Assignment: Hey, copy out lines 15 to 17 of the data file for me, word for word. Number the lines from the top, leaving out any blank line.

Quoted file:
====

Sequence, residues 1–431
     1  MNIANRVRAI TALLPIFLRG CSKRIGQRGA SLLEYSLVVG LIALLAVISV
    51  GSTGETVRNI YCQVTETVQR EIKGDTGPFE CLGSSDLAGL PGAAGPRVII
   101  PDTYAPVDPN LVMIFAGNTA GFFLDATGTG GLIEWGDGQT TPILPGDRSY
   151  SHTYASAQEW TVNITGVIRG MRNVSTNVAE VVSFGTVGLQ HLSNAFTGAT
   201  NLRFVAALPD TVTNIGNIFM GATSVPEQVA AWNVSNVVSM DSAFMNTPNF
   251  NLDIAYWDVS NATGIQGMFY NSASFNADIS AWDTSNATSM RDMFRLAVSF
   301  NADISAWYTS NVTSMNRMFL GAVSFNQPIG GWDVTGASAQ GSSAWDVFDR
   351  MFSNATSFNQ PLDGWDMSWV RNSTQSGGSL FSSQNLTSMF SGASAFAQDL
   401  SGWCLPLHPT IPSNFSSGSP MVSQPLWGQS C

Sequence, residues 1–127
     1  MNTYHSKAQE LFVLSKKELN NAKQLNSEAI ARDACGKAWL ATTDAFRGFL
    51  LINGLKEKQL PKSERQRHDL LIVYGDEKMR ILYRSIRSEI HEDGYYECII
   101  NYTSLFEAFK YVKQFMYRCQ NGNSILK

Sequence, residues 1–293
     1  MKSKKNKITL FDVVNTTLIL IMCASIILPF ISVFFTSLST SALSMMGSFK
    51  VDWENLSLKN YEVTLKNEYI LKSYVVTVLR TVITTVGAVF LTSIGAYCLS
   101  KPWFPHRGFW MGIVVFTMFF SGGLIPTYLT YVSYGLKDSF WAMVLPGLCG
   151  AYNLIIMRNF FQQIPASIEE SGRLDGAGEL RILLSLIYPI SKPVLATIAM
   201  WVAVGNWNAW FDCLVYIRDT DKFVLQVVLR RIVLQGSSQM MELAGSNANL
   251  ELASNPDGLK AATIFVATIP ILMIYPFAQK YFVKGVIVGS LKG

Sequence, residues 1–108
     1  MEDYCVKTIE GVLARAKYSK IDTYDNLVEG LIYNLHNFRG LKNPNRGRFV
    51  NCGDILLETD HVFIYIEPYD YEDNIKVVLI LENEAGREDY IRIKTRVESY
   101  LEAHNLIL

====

Sequence, residues 1–293
     1  MKSKKNKITL FDVVNTTLIL IMCASIILPF ISVFFTSLST SALSMMGSFK
    51  VDWENLSLKN YEVTLKNEYI LKSYVVTVLR TVITTVGAVF LTSIGAYCLS